Tooth sensitivity can be depressing: you are always on your guard with what you eat or drink, if it’s too cold or too hot, and perhaps you have even given up on your favorite foods and beverages. The pain associated with tooth sensitivity can range from something mild to even shooting pain. It may occur in only one tooth or several all at once.
A tooth is composed of three types of tissue: a hard outer shell of enamel, the body of the tooth is composed of the dentin (a porous tissue), and the interior tissue of the pulp. Pain is triggered by highly sensitive nerves that reside deep inside a tooth.
The enamel, forms the outside of the tooth crown, is not a living tissue and doesn’t contain nerves, but it is capable of transmitting temperature like hot and cold. Inside the tooth’s crown and root is a living tissue called dentin. When microscopic holes in the dentin are exposed, food, drinks, heat or cold can irritate the nerves and cause pain
Here is the list of things that can help stop or reduce the pain
- Change the brushing habit. Do not brush too hard your teeth, this can contribute to gum recession. We can advise you on safe and effective brushing techniques.
- Include fluoride in your dental care. Fluoride has been proven to strengthen tooth surfaces and makes them more resistant to sensitivity and decay. Be sure to use toothpastes and other hygiene products that contain fluoride.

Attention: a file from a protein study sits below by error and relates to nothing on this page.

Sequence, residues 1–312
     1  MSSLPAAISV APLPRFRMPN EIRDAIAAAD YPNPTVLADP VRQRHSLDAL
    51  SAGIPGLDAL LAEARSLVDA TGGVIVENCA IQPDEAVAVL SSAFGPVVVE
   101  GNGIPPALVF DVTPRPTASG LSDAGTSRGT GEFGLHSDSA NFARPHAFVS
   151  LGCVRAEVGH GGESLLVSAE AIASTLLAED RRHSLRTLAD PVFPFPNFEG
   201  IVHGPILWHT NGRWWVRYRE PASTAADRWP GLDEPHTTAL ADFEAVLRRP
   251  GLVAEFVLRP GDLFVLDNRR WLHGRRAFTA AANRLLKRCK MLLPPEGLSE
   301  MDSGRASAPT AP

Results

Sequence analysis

- Seek treatment for dental disease. Tooth sensitivity is often linked to tooth decay or periodontal (gum) disease. When cavities break through the enamel, the dentin is exposed which allows for the sensations caused by heat or cold to reach the nerves. If decay is untreated long enough it can go even deeper to the nerve and cause a painful infection.
- Avoid acidic foods and drinks. Soda, citrus juice, sour candy and even pickles contain high amounts of acid that can erode tooth enamel. If you can not eliminate them, swish water around in your mouth after you eat and drink.
Call us today to schedule an appointment to discuss your questions about sensitive teeth. Dentists have a variety of regimens to manage tooth hypersensitivity, including both in-office treatments and patient-applied products for home use.